Or how Democrats became Federalists and Republicans became Federalists
The old Republican party is already ruined, past redemption. New men and new maxims are the order of the day. ~John Randolph 1806
When all government, domestic and foreign, in little as in great things, shall be drawn to Washington as the center of all power, it will render powerless the checks provided of one government on another, and will become as venal and oppressive as the government from which we separated. ~Thomas Jefferson 1821
We need the Quids
A splinter faction from Thomas Jefferson’s party called the Tertium Quids, which means “third thing” in Latin, were led by the brilliant but highly eccentric John Randolph of Roanoke, Va. Members of this faction often called themselves the “Old Republicans,” to differentiate themselves from the mainstream Republicans, who they believe had abandoned the principles of the founding.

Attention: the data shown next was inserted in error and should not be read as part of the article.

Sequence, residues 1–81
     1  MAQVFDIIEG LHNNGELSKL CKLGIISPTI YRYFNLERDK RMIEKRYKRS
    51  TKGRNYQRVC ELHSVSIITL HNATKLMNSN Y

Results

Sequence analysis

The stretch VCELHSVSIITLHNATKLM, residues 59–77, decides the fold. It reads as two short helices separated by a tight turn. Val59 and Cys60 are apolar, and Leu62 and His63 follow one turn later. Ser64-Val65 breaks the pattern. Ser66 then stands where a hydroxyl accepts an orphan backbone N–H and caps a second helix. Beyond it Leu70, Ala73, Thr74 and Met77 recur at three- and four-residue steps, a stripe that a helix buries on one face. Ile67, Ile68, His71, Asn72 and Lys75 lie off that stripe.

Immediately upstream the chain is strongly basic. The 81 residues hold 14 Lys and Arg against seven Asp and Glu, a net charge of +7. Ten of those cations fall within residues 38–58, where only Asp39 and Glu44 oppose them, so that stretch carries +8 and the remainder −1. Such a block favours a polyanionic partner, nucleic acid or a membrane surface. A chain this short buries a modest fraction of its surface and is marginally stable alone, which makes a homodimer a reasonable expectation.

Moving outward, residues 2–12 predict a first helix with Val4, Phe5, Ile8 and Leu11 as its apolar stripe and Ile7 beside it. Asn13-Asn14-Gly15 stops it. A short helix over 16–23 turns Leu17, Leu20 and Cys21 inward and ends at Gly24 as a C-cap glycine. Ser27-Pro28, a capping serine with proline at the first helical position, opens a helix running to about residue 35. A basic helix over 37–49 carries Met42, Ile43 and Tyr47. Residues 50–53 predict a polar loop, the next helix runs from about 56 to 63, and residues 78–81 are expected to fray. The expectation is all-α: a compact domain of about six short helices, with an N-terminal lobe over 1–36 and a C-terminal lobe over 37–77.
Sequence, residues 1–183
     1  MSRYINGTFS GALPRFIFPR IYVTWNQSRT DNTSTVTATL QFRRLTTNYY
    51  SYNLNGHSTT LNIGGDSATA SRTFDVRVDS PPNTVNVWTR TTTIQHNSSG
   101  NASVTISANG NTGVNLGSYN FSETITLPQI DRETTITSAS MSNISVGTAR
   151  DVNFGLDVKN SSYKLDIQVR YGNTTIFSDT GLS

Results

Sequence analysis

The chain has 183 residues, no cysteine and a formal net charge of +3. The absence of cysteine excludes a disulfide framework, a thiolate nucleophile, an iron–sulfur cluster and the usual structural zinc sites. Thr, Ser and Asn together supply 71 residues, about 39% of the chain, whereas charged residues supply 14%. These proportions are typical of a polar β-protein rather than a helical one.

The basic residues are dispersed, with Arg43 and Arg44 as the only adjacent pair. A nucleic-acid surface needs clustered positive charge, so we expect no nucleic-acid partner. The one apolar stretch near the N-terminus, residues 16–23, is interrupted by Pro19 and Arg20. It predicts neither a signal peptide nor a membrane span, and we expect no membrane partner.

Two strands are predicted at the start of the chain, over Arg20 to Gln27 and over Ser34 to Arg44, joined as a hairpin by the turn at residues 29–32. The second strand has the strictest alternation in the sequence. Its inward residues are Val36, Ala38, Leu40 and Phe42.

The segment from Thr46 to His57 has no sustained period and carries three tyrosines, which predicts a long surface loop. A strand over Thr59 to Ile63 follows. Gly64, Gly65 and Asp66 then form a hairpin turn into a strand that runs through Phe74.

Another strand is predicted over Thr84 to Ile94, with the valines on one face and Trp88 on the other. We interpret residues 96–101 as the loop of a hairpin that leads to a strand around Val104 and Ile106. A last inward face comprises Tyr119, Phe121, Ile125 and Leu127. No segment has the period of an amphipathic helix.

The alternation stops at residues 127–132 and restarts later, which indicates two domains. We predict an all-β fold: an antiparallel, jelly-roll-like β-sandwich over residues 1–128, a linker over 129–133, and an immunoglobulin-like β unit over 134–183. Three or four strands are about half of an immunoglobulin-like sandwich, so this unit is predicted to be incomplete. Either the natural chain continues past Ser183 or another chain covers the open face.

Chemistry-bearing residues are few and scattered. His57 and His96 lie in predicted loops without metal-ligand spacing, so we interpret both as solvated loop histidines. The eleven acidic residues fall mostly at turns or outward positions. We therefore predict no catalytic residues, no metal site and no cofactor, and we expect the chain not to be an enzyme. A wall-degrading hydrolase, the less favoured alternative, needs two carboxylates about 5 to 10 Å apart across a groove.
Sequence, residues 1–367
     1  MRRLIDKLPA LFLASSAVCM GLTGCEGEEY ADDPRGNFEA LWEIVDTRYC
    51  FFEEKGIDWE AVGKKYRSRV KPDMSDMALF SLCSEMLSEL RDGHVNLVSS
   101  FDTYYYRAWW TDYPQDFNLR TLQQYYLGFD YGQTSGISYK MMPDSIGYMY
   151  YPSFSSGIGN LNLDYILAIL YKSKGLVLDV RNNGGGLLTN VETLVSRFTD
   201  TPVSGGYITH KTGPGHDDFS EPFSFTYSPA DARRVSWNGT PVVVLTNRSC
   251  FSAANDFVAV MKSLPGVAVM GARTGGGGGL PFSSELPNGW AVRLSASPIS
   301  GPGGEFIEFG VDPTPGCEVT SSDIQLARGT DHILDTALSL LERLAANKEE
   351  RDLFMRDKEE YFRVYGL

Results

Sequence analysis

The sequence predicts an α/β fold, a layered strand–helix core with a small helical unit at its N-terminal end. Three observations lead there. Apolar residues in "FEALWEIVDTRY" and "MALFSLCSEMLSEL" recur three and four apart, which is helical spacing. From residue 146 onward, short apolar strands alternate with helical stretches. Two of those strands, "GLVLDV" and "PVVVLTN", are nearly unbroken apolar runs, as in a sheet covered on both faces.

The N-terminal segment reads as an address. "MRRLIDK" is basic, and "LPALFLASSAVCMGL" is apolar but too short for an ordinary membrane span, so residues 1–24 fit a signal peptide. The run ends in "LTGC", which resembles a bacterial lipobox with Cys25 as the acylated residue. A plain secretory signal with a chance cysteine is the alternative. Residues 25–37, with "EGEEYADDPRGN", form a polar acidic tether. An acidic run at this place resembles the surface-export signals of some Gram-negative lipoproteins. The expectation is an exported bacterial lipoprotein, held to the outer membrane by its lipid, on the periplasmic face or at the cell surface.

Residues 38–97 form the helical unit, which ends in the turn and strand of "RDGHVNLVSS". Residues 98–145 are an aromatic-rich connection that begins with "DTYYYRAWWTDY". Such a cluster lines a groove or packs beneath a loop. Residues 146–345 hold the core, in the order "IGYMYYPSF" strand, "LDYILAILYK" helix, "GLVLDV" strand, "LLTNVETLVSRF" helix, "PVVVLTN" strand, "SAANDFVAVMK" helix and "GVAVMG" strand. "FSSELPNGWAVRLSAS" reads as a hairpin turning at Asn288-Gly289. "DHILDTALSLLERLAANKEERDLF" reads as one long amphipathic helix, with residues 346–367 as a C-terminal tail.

They were the cross-party faction of Federalists and Democratic-Republicans in the period of 1804-1812 before the collapse of the First Party System in 1824. At the time the Federalists promoted the financial system of the Treasury, which emphasized federal assumption of state debts, a tariff to pay off those debts, a national bank to facilitate financing, and encouragement of banking and manufacturing. Whereas the Democratic-Republicans opposed a strong executive power, were hostile to a standing army and navy, demanded a limited reading of the Constitutional powers of the federal government, and strongly opposed the Treasury financial program.
We're all Federalists now Baby!
John Randolph was the leader of the "Old Republicans" insisting on a strict adherence to the Constitution and summarized their principles as a "love of peace, hatred of offensive war, jealousy of the state governments toward the general government; a dread of standing armies; a loathing of public debts, taxes, and excises; tenderness for the liberty of the citizen; jealousy, Argus-eyed jealousy of the patronage of the President."
Me? I stand with John Randolph.